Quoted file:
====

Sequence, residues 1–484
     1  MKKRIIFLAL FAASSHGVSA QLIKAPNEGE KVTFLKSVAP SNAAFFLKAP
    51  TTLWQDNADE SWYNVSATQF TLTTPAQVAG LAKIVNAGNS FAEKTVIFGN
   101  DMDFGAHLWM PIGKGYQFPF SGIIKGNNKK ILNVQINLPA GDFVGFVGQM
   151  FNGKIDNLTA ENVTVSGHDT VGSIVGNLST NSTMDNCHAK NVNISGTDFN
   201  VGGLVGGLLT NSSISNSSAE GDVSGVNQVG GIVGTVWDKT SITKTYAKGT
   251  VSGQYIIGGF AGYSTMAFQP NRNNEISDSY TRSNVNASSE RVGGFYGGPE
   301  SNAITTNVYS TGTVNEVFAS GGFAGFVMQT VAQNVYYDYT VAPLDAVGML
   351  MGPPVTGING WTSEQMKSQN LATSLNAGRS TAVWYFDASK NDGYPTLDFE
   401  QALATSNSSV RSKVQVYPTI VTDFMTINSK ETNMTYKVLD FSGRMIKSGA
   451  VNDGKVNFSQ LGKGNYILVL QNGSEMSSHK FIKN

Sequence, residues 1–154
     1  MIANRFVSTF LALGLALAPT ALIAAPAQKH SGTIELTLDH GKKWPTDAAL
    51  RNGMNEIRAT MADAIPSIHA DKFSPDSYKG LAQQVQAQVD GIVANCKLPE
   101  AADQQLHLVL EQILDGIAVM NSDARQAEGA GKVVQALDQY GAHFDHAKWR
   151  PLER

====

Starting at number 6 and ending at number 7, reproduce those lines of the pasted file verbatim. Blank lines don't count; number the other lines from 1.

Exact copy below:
   201  VGGLVGGLLT NSSISNSSAE GDVSGVNQVG GIVGTVWDKT SITKTYAKGT
   251  VSGQYIIGGF AGYSTMAFQP NRNNEISDSY TRSNVNASSE RVGGFYGGPE